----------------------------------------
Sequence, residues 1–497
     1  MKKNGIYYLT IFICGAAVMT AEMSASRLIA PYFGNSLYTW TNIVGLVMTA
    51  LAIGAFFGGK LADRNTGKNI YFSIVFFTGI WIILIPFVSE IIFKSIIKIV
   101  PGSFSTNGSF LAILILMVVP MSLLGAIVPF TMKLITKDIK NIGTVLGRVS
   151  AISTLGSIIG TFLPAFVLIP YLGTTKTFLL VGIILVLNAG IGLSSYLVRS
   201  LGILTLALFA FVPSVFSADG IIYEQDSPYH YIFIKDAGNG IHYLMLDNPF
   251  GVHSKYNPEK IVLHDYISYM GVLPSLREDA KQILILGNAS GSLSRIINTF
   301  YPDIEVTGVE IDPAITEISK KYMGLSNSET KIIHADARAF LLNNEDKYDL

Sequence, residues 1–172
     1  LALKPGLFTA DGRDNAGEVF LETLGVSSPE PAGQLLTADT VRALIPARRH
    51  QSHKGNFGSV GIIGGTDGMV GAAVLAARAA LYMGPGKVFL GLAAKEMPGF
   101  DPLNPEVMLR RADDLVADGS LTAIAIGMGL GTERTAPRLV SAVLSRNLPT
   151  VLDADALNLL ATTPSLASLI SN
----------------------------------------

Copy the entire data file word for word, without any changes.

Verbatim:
Sequence, residues 1–497
     1  MKKNGIYYLT IFICGAAVMT AEMSASRLIA PYFGNSLYTW TNIVGLVMTA
    51  LAIGAFFGGK LADRNTGKNI YFSIVFFTGI WIILIPFVSE IIFKSIIKIV
   101  PGSFSTNGSF LAILILMVVP MSLLGAIVPF TMKLITKDIK NIGTVLGRVS
   151  AISTLGSIIG TFLPAFVLIP YLGTTKTFLL VGIILVLNAG IGLSSYLVRS
   201  LGILTLALFA FVPSVFSADG IIYEQDSPYH YIFIKDAGNG IHYLMLDNPF
   251  GVHSKYNPEK IVLHDYISYM GVLPSLREDA KQILILGNAS GSLSRIINTF
   301  YPDIEVTGVE IDPAITEISK KYMGLSNSET KIIHADARAF LLNNEDKYDL

Sequence, residues 1–172
     1  LALKPGLFTA DGRDNAGEVF LETLGVSSPE PAGQLLTADT VRALIPARRH
    51  QSHKGNFGSV GIIGGTDGMV GAAVLAARAA LYMGPGKVFL GLAAKEMPGF
   101  DPLNPEVMLR RADDLVADGS LTAIAIGMGL GTERTAPRLV SAVLSRNLPT
   151  VLDADALNLL ATTPSLASLI SN